The Sierpinski carpet is a plane fractal first described by Wacław Sierpiński in 1916. The carpet is a generalization of the Cantor set to two dimensions (another is Cantor dust). Sierpiński demonstrated that this fractal is a universal curve, in that any possible one-dimensional graph, projected onto the two-dimensional plane, is homeomorphic to a subset of the Sierpinski carpet. For curves that cannot be drawn on a 2D surface without self-intersections, the corresponding universal curve is the Menger sponge, a higher-dimensional generalization.
The technique can be applied to repetitive tiling arrangement; triangle, square, hexagon being the simplest. It would seem impossible to apply it to other than rep-tile arrangements.
The construction of the Sierpinski carpet begins with a square. The square is cut into 9 congruent subsquares in a 3-by-3 grid, and the central subsquare is removed. The same procedure is then applied recursively to the remaining 8 subsquares, ad infinitum. The Hausdorff dimension of the carpet is log 8/log 3 ≈ 1.8928.
The area of the carpet is zero (in standard Lebesgue measure).
The Sierpinski carpet can also be created by iterating every pixel in a square and using the following algorithm to decide if the pixel is filled. The following implementation is valid C, C++, and Java.
* Decides if a point at a specific location is filled or not.
* @param x is the x coordinate of the point being checked
* @param y is the y coordinate of the point being checked
* @param width is the width of the Sierpinski Carpet being checked
* @param height is the height of the Sierpinski Carpet being checked
* @return 1 if it is to be filled or 0 if it is not
int isSierpinskiCarpetPixelFilled(int x, int y, int width, int height)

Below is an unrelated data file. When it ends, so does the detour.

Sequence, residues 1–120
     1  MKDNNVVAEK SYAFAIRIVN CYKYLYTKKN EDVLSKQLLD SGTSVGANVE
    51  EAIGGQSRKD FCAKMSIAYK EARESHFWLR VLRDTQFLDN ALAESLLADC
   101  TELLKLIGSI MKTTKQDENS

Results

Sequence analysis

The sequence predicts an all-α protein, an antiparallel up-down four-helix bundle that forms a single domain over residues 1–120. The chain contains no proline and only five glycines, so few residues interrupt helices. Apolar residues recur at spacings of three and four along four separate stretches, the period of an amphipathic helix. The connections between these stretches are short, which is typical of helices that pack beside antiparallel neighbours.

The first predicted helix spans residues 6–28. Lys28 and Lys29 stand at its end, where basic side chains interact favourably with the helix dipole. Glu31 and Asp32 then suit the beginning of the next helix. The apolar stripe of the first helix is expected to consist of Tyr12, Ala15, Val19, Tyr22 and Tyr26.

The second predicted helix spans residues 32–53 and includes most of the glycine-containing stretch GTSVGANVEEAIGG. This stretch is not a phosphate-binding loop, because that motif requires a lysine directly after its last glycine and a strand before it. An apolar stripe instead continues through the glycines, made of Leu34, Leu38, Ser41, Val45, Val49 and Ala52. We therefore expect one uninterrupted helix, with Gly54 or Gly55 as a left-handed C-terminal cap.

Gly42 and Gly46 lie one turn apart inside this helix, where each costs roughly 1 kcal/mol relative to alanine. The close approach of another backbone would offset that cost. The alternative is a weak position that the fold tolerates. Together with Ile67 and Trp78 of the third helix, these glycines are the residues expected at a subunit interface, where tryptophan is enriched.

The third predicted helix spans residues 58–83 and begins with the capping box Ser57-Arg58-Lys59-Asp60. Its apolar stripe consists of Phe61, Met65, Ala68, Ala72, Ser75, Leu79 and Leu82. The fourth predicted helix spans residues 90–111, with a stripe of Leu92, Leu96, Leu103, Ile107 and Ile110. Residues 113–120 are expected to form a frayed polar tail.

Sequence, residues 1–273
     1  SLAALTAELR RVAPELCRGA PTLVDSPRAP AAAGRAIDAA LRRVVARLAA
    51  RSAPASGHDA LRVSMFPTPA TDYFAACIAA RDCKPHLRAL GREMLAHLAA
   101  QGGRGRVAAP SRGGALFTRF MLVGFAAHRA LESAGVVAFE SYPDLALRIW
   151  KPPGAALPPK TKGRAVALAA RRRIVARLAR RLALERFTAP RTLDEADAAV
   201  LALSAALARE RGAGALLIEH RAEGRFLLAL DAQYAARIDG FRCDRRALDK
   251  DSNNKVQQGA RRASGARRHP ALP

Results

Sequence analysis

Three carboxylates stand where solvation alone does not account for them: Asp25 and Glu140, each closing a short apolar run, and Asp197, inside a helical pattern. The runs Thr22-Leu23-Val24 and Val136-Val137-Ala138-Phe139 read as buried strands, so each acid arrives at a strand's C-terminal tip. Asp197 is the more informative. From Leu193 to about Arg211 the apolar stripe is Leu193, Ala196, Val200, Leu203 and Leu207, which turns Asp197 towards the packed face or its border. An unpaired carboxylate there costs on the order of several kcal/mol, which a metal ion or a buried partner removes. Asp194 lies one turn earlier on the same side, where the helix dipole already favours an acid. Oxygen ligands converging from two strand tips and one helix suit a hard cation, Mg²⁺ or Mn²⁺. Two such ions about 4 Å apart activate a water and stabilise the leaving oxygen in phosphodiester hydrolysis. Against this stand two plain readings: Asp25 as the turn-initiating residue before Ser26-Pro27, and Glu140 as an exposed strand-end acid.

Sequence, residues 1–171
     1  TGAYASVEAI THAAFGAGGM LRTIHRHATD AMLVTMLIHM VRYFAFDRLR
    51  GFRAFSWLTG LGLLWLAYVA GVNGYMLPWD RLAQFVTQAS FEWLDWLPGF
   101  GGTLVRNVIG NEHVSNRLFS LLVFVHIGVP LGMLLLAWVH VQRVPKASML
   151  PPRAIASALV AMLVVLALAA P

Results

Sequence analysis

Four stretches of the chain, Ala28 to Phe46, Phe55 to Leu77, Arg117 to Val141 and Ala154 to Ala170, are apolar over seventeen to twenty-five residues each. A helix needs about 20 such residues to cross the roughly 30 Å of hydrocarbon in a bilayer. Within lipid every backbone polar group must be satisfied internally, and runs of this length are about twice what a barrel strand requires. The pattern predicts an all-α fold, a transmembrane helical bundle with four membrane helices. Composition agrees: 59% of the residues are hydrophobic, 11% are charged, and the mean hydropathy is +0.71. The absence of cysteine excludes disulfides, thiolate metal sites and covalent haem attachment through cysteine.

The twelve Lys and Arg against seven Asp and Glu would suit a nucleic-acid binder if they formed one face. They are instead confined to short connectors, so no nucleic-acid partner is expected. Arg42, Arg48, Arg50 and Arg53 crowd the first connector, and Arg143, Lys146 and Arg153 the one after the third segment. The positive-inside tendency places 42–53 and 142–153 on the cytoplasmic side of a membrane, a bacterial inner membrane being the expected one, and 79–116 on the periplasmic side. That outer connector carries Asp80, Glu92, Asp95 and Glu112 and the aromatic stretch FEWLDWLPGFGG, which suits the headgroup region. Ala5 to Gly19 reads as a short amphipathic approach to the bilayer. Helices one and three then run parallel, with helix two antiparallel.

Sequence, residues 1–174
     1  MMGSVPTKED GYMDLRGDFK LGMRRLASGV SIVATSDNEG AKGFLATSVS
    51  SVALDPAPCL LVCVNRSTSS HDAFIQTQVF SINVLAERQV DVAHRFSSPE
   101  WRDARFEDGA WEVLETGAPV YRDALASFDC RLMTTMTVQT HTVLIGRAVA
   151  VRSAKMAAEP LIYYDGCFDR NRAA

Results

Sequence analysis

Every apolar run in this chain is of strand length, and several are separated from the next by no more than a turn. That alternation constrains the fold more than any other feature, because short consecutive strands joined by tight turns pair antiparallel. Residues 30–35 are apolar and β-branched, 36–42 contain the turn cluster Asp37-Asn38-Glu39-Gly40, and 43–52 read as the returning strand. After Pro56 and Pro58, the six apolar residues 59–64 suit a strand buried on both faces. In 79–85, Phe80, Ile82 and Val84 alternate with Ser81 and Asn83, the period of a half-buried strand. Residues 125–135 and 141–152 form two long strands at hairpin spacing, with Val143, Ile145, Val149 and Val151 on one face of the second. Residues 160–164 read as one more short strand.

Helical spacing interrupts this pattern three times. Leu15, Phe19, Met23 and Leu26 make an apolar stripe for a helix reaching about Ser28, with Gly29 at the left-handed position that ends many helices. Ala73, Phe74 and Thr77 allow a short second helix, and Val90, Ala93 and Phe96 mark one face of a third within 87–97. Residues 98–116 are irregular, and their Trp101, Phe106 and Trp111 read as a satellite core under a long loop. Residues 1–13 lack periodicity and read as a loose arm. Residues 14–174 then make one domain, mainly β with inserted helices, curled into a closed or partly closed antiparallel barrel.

// base case 1 of 2
if (x <= 1)
If the grid was split in 9 parts, what part(x2,y2) would x,y fit into?
int x2 = x * 3 / width; // an integer from 0..2 inclusive
int y2 = y * 3 / height; // an integer from 0..2 inclusive
// base case 2 of 2
if (x2 == 1 && y2 == 1) // if in the centre squaure, it should be filled.
// general case
/* offset x and y so it becomes bounded by 0..width/3 and 0..height/3
and prepares for recursive call
x -= x2 * width / 3;
y -= y2 * height / 3;
return isSierpinskiCarpetPixelFilled(x, y, (width / 3) + 1, (height / 3) + 1);
 Brownian motion on the Sierpinski carpet
The topic of Brownian motion on the Sierpinski carpet has attracted interest in recent years. Martin Barlow and Richard Bass have shown that a random walk on the Sierpinski carpet diffuses at a slower rate than an unrestricted random walk in the plane. The latter reaches a mean distance proportional to n1/2 after n steps, but the random walk on the discrete Sierpinski carpet reaches only a mean distance proportional to n1/β for some β > 2. They also showed that this random walk satisfies stronger large deviation inequalities (so called "sub-gaussian inequalities") and that it satisfies the elliptic Harnack inequality without satisfying the parabolic one. The existence of such an example was an open problem for many years.
Sierpiński, W.: Sur une courbe cantorienne qui contient une image biunivoque et continue de toute courbe donnée. C. r. hebd. Śeanc. Acad. Sci., Paris 162, 629--632 (1916)
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